Right before graduation I had a painting professor ask me if I was still working on my “cartoons.” She came just short of making quotation marks in the air and pronouncing “cartoons” in baby talk. And I realized at that moment that I didn’t really do fine arts, and that I didn’t really care about fine arts. So I finished school and didn’t draw much of anything for a while (or paint ever again until grad school, and even then only when I had to) and that’s when ideas for stories and narratives starting kicking around in my head. When I started to think about those ideas seriously I went back to all the cartooning I liked before art school.

By the way, the prof whom I mentioned was seriously a great teacher and I learned a lot from her. I don’t mean to make it sound like she was some kind of jerk. She just took painting more seriously than cartooning.

You recently graduated from the School of the Visual Arts (SVA) with an MFA in Illustration. Do you feel like you received good value for your tuition dollars?

Yes. It was completely worth it. And I don’t want to sound like a commercial for SVA but I think any half-decent grad school is worth it because you take a short time to focus exclusively on whatever it is that you want to do, instead of having to slog through some job and trying to do your own work when you get home. Some people can do that maybe but I couldn’t.

SVA just happens to have a concentration of really amazing comics and cartooning faculty. I had a really positive experience in my specific program, Illustration as Visual Essay. The thesis class is taught by David Sandlin who was really good at exposing each student to the right kind of artists, both who to look at historically and who we should be contacting for work and networking. My thesis advisor was David Mazzucchelli. He was willing to meet with me often and was an unending source of comics knowledge, constructive criticism, brutal honesty and frustrating assignments. I never learned so much in one school year as I did working with him.

Before he became my thesis advisor I had taken a class with Mazzucchelli. For one assignment we were asked to create a comics story using silhouettes. The comic had to focus on the text and sounds. I came up with a story I called “The Greatest Metal Band of All Time.” The in-class discussion ended with a guy in an Iron Maiden shirt asking me if I liked Iron Maiden.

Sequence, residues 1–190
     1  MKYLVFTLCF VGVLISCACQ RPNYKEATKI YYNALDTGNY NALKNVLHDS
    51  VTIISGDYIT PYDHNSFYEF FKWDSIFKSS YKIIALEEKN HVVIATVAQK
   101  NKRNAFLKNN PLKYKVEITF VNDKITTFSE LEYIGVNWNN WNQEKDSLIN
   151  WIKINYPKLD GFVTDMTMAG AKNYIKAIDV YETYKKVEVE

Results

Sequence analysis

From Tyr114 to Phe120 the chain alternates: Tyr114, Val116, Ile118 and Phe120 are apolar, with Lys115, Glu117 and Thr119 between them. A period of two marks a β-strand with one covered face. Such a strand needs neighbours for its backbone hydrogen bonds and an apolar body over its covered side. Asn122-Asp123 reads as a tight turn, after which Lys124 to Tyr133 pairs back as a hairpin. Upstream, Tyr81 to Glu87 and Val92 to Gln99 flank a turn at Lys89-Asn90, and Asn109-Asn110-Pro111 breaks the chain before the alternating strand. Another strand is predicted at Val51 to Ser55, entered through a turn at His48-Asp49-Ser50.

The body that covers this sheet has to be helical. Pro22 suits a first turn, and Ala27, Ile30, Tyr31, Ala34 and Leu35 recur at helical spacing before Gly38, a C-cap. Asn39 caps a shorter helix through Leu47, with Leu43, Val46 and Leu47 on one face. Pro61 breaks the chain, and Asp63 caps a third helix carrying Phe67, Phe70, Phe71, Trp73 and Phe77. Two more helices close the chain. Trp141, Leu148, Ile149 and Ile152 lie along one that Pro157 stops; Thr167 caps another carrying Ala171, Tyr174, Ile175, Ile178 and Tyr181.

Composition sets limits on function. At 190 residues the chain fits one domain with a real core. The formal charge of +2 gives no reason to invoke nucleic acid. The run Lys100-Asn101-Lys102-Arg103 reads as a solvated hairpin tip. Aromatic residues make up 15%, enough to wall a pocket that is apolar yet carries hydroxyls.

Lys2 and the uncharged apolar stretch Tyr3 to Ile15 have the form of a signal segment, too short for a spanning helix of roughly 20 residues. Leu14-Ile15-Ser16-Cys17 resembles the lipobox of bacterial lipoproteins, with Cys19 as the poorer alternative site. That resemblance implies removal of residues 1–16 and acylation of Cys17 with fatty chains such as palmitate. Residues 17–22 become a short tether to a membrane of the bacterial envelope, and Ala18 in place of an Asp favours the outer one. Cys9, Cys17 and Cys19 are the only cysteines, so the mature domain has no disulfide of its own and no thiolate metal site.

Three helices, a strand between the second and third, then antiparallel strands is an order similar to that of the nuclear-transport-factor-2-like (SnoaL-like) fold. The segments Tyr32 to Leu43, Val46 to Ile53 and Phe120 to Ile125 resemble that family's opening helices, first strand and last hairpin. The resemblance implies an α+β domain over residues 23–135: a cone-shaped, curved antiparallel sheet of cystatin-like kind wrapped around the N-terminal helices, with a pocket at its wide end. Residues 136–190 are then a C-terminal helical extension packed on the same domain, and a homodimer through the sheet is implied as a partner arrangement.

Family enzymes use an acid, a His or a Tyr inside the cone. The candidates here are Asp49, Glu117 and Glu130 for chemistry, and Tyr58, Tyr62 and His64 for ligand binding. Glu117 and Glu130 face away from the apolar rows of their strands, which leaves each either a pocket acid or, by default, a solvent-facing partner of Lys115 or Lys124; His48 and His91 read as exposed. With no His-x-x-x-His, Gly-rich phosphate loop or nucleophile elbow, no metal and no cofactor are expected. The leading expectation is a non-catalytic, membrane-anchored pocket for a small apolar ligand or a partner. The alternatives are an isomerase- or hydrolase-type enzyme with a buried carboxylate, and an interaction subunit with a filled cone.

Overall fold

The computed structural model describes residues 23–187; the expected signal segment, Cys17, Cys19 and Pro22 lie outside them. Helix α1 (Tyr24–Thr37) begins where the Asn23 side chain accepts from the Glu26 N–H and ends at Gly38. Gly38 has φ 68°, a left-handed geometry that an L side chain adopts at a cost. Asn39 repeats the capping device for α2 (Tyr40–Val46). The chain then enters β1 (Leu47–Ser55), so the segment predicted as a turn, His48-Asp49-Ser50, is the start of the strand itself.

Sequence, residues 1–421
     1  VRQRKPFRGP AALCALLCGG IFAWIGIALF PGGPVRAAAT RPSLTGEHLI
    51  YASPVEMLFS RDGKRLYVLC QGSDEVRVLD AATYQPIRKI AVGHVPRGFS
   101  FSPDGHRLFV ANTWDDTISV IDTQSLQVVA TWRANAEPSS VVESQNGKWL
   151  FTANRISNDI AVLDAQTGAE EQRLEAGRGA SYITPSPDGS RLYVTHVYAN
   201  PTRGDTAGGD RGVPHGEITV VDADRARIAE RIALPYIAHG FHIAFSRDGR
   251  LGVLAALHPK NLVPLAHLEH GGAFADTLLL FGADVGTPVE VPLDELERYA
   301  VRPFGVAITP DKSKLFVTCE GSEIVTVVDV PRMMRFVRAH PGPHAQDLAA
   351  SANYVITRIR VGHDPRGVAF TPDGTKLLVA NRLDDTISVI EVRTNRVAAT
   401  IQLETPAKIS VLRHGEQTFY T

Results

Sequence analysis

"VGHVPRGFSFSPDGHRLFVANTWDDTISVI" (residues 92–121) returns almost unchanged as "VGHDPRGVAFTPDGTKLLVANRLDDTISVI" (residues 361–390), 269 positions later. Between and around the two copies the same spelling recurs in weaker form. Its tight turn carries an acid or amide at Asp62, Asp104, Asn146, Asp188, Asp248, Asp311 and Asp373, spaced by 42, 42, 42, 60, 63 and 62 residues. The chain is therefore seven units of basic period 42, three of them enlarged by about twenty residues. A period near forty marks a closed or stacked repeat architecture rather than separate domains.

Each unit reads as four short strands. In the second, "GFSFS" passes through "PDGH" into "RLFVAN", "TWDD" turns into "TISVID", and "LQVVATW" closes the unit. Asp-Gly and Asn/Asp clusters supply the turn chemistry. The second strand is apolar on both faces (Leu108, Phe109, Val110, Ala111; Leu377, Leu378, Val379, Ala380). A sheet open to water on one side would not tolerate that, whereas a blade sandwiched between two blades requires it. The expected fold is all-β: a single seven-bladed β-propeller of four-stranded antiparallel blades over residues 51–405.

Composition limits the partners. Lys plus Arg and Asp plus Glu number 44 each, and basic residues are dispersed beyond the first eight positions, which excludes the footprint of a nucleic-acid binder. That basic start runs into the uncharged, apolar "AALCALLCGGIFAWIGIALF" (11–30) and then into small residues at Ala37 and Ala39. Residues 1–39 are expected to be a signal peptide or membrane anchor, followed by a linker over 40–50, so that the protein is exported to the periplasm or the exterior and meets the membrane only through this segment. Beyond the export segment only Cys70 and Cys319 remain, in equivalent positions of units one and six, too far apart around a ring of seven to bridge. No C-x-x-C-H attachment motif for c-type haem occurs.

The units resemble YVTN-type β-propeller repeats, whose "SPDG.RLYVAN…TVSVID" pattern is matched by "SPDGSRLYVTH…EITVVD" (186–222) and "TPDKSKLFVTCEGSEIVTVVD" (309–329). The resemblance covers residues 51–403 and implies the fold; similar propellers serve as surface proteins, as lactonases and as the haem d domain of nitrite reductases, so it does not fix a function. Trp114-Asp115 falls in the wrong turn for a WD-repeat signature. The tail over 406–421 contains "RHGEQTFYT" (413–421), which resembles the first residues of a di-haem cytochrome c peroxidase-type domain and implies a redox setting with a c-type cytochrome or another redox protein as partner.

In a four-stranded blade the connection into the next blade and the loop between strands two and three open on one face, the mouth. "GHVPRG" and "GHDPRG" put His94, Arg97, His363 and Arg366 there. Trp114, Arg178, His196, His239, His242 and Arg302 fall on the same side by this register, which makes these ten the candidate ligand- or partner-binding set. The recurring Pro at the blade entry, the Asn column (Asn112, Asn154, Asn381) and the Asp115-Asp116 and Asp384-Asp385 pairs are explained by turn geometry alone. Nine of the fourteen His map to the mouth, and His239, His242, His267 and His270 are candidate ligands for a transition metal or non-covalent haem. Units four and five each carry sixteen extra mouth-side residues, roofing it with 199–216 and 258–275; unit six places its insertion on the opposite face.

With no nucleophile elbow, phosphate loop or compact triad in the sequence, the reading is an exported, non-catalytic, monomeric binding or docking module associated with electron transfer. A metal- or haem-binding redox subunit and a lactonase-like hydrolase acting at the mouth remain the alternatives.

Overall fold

Outside of my program I was able to take classes with Tom Hart, Gary Panter and Keith Meyerson. Tom Hart got me started making comics and taking them seriously. He’s a great teacher and still lets me ask him for advice – which I truly appreciate. The program also put students in a position to meet art directors and publishers. So working directly with artists like that and that kind of networking is really the main thing that is more difficult to do without going to school.

Before working on The Pterodactyl Hunters in the Gilded City, you produced a mini-comic called Flin Flon, Manitoba. How did that come about? Do you see yourself as someone who creates historically-minded comics?

Flin Flon came from reading a bunch of sports history. I was probably putting off some other project and was reading about Bobby Clarke. He came from this small town in Manitoba where the only two things happening in the 1960s were a copper mine and junior hockey. The next logical thought was the stories of all guys who played on the junior team with this hockey legend but never made it to the NHL.

The town itself has a lot of odd facts about it. It was named after a character in a science fiction novel. It has a statue of that character done by Al Capp. Flin Flon currently produces something like ninety percent of Canada’s medical marijuana, at least according to Wikipedia. Strange place.